Thousands of voters switching to two major parties for primary
Maybe they want to vote for Donald Trump. Maybe they want to vote for Bernie Sanders. This much is for sure: They want to vote.
Tens of thousands of voters with no party affiliation are rushing to beat Tuesday's voter registration deadline so they can cast ballots in Florida's presidential preference primary. County elections supervisors see a surge of NPA voters who are becoming overnight Republicans or Democrats.
The League of Women Voters of Florida sees it as a hopeful sign of growing interest in the Florida primary. "We're pleased that they're doing this," League President Pamela Goodman of Palm Beach told the Times/Herald Tuesday. "We want voters to do everything they can to be enfranchised to vote."
Florida is the largest of 13 states in the U.S. that remains a so-called closed primary state, meaning that only voters registered as Republicans or Democrats can vote in party contests on primary ballots. However, the system is coming under renewed criticism because the fastest-growing voting bloc is unaffiliated voters, and some of whom were not aware when they registered to vote that they can't vote in primaries.
In Tampa Bay, more NPA voters are joining the Democratic Party than are joining the Republican Party. Since the start of the new year in Pinellas, 1,194 voters switched from NPA to Democrat and 1,040 switched from NPA to Republican.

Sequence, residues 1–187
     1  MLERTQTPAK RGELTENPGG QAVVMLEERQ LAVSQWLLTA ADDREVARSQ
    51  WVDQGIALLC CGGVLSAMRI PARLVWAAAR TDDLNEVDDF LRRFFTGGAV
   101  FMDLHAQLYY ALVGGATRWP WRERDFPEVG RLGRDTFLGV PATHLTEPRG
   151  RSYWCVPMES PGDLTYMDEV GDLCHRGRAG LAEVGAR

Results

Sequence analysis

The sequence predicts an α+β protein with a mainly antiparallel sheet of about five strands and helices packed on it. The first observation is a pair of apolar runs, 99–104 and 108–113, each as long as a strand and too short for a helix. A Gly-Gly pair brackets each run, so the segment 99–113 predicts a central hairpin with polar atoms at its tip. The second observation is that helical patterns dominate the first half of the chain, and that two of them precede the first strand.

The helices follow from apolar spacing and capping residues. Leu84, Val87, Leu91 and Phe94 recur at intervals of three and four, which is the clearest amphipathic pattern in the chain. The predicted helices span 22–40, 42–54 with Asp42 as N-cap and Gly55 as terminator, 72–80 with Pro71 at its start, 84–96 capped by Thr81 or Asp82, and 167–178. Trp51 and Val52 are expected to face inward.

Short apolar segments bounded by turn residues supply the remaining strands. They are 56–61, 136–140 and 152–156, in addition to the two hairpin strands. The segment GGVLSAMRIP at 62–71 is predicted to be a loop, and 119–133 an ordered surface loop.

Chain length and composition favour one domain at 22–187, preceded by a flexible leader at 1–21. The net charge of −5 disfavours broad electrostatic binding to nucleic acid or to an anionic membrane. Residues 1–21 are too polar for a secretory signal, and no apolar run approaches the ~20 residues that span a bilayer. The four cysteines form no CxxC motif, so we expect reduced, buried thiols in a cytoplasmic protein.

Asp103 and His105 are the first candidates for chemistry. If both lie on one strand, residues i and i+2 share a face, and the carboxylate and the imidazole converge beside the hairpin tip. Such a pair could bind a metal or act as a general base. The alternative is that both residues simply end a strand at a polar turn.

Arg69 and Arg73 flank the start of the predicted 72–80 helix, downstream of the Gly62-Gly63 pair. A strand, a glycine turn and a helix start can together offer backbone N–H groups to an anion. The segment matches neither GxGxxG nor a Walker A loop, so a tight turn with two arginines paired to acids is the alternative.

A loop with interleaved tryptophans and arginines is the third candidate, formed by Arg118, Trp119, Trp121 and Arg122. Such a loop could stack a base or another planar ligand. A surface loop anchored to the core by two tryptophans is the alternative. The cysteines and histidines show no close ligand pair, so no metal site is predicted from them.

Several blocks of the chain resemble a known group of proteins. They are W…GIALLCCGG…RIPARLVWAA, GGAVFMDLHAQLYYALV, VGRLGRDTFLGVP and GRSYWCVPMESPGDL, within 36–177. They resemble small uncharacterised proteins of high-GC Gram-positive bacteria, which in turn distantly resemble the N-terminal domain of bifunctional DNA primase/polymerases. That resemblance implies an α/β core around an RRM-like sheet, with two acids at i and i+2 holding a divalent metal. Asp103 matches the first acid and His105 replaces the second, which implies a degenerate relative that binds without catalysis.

Across Tampa Bay in Hillsborough, the numbers are smaller but the trend is tilted more in the Democrats' favor. Since Jan. 1, 895 Hillsborough voters have switched from NPA to Democrat and 662 have switched from NPA to the GOP. Figures for the state's two largest counties, Miami-Dade and Broward, were not immediately available Tuesday.
In Tallahassee, Leon County Supervisor of Elections Ion Sancho did a mass mailing to all 38,000 NPA voters for the first time. His office says more than 2,000 have switched to a major party since Jan. 1. Leon is a heavily-Democratic county with more than 100,000 college students at two major state universities and a state college.
Florida's presidential primary is March 15, but the deadline to register or to change parties is 5 p.m. Tuesday, Feb. 16.
Every year in Tallahassee, legislators who oppose the closed primary system file bills to switch to an open primary system, and every year they go nowhere, in part because both political parties favor the status quo.
The current versions were filed by two Democrats, Sen. Darren Soto of Orlando and Rep. Joe Geller of Aventura. Both appear dead on arrival in the bill hopper, as neither has been heard in any legislative committees.